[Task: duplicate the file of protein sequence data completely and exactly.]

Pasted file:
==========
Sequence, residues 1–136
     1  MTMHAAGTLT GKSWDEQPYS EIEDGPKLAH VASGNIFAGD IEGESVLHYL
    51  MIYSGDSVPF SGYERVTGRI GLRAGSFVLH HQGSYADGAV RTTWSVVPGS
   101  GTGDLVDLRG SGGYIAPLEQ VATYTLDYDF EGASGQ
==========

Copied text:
Sequence, residues 1–136
     1  MTMHAAGTLT GKSWDEQPYS EIEDGPKLAH VASGNIFAGD IEGESVLHYL
    51  MIYSGDSVPF SGYERVTGRI GLRAGSFVLH HQGSYADGAV RTTWSVVPGS
   101  GTGDLVDLRG SGGYIAPLEQ VATYTLDYDF EGASGQ